So how to overcome the limited number of write cycles on EEPROM? The technique is called wear leveling. Wear leveling means adjusting the write frequency for every part of the memory to be virtually the same. In other words, writing to he same place again only after all the other places were re-written in the meantime.

EEPROM and the circular buffer

Wear leveling provides some nice symbiosis for EEPROM and the circular buffer data structure, as circular buffer does not need any data shifting and it basically has the wear leveling built in. With the new data, just move to the next entry and overwrite it, looping back to the first position from the last one (thus circular). Easy, right?

Well not so simple, we still need to know which entry is the last written. This is also called a head. The head position can be stored in RAM of course. But with the power outage, the head would be lost. Even though our data are stored in non-volatile memory, without the way of telling which entry was the last, we would fail the ordering part of our first requirement. Note that the circular buffer also stores the information about it's last entry, called a tail, but we omit the tail for the simplicity as well.

So how we go around this limitation? There also is quite a lot of useful information about circular buffers written in the link below:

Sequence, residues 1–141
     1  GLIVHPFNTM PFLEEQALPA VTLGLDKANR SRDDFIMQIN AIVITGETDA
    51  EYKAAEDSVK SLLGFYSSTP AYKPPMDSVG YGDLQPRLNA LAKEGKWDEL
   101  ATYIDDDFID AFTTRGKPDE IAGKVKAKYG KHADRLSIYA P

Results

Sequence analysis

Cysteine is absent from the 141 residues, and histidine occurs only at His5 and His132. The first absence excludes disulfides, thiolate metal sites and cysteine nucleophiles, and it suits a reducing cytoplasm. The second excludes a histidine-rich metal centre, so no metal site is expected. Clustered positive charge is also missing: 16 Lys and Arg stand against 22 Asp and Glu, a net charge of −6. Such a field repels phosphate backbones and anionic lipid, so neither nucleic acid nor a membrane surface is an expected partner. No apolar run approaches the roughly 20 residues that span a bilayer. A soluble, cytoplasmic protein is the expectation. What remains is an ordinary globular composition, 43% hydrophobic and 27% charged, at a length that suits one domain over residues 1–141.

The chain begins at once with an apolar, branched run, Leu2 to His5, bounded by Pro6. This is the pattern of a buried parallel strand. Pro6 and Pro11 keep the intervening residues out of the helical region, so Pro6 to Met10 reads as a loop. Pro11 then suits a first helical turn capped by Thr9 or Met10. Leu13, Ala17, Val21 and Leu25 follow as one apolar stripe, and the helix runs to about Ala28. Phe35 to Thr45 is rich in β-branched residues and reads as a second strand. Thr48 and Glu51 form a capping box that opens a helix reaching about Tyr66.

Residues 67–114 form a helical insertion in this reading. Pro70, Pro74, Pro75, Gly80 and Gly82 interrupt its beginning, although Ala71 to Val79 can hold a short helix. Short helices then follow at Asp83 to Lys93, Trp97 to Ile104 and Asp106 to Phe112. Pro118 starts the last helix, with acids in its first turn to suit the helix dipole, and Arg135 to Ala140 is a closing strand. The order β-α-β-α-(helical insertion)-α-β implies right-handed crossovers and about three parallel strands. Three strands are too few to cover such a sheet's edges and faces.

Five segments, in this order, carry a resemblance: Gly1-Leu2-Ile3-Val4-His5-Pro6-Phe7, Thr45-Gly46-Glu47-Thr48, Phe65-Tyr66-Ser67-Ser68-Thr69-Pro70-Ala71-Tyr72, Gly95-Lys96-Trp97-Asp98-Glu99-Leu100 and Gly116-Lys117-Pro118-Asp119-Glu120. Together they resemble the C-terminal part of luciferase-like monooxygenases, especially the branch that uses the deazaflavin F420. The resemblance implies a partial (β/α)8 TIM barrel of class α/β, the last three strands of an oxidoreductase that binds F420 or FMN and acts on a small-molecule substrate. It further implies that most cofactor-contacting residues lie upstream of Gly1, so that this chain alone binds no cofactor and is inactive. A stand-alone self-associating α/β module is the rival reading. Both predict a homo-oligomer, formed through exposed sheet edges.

https://betterembsw.blogspot.com/2015/07/avoiding-eeprom-wearout.html

The natural way to preserve the head position is to write it in EEPROM instead of RAM, but where exactly? No matter where do we choose to store it in EEPROM, it will be worn out at much faster rate that the other entries of the circular buffer, as this one needs updating every time an entry is pushed. Searching around the Internet, the solutions to this do not seem to agree. The most notable solution is to use a second circular buffer for storing the head, meaning our storage capacity is now reduced, in an extreme case even halved, but the wear leveling is achieved and both our requirements optimally met. Could it be done better?

Discarding the second circular buffer

One particular comment on the AVRfreaks forum shows hints about the possibility of discarding the troublesome second circular buffer while still providing wear leveling for the entire storage.

The idea is to rewrite not just the oldest entry with the most recent value, but actually also provide a divider entry, with a known empty value below it, effectively placing the divider between the head and the tail. This way, to find the head, we have just to find that divider in the circular buffer.

The details are more complex than this because of the initialization and such, so go read the discussion if interested, but I wanted to point this neat little idea out. Sometimes the most brilliant solutions are not the most apparent. I must admit I really like this one, although I am not sure if there are no gotchas in this approach. Hopefully I will soon find out.

This is a 63th post of #100daystooffload.